If you are using one of the thousands of health apps out there, including: calorie counters; blood-pressure testers; and even music-therapy apps, you are using an unregulated piece of software that could potentially harm you.
An article in The New England Journal of Medicine says there are over 97,000 mobile health (mHealth) apps available and that because these apps aren’t effectively regulated by the Food and Drug Administration, many of them could be useless, if not harmful.
Medical companies like Pfizer and Sanofi Aventis have already had to send out warnings that their apps were giving wonky readings and some mHealth apps like Pocket Doctor promise to give medical diagnosis while simultaneously claiming to be just for entertainment purposes.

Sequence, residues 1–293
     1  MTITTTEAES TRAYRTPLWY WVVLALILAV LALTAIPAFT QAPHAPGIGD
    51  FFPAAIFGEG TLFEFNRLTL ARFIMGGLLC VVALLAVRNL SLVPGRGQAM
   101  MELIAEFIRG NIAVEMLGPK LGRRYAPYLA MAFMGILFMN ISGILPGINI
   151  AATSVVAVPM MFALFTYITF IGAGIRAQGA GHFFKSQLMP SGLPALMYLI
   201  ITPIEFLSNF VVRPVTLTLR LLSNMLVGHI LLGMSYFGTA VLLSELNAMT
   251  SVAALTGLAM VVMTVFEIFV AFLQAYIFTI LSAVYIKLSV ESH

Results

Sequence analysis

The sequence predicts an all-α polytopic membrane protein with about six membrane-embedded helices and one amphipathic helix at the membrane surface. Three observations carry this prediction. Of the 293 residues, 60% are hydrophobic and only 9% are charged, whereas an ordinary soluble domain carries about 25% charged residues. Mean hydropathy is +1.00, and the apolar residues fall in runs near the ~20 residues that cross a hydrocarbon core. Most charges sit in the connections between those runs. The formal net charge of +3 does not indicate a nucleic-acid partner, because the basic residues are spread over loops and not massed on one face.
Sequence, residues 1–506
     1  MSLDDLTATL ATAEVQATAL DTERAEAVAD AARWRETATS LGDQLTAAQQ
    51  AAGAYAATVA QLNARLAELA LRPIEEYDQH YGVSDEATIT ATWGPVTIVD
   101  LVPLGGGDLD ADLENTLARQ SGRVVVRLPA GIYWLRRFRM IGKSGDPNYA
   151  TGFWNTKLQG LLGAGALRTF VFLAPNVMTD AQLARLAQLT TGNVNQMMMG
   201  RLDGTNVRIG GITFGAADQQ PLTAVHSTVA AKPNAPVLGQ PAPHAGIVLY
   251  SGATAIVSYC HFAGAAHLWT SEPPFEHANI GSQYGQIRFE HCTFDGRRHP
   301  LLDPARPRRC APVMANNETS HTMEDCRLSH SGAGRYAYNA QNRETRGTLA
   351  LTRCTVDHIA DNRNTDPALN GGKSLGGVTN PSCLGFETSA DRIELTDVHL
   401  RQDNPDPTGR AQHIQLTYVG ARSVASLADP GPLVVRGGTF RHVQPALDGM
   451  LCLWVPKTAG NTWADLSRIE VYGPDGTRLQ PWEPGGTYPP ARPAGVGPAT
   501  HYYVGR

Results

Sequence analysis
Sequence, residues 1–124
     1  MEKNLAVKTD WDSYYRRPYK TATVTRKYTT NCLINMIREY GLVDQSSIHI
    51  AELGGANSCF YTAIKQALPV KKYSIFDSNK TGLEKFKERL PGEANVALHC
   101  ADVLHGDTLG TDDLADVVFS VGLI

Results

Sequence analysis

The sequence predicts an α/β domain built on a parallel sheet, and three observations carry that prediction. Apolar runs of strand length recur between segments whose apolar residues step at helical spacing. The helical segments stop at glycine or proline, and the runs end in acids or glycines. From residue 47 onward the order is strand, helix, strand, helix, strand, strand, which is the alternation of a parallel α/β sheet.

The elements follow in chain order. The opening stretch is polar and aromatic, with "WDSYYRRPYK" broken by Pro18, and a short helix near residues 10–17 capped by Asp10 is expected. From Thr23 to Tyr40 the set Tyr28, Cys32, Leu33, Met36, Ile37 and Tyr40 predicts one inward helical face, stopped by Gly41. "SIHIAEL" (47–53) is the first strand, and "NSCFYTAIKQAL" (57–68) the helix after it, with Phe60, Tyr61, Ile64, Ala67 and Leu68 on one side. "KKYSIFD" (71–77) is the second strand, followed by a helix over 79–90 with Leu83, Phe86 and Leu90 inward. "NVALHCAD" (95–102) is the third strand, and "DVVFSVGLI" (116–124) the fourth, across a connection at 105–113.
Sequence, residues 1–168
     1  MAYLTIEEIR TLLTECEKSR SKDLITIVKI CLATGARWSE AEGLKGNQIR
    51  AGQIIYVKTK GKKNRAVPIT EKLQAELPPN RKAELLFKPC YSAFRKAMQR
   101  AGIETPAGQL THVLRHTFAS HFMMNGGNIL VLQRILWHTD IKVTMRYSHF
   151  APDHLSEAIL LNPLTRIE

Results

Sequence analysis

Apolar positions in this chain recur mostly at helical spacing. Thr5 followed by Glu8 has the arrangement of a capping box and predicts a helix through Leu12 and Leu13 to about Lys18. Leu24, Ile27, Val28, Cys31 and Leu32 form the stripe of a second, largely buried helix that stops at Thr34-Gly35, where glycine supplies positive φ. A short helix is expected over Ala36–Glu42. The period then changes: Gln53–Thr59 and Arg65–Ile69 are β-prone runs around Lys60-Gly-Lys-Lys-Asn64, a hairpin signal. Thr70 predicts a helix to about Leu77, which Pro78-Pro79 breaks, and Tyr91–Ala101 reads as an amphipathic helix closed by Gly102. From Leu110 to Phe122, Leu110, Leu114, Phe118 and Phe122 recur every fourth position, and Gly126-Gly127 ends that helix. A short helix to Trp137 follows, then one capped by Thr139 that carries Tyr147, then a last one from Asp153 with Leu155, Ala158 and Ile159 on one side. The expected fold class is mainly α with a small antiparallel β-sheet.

It’s not that mHealth apps are all useless, the article authors say, it’s just that most people aren’t savvy enough to know that many of them are questionable at best and shouldn’t be trusted to be accurate.
Currently, the FDA doesn’t get overly involved in the mHealth industry, except when there could be a clear danger to people when a health app is misused.
Unless an app is associated with a medical institution you know and trust, or unless you can find specific information backing up its claims and methods, it’s best to cast a wary eye at anything health-related that can be downloaded to your phone.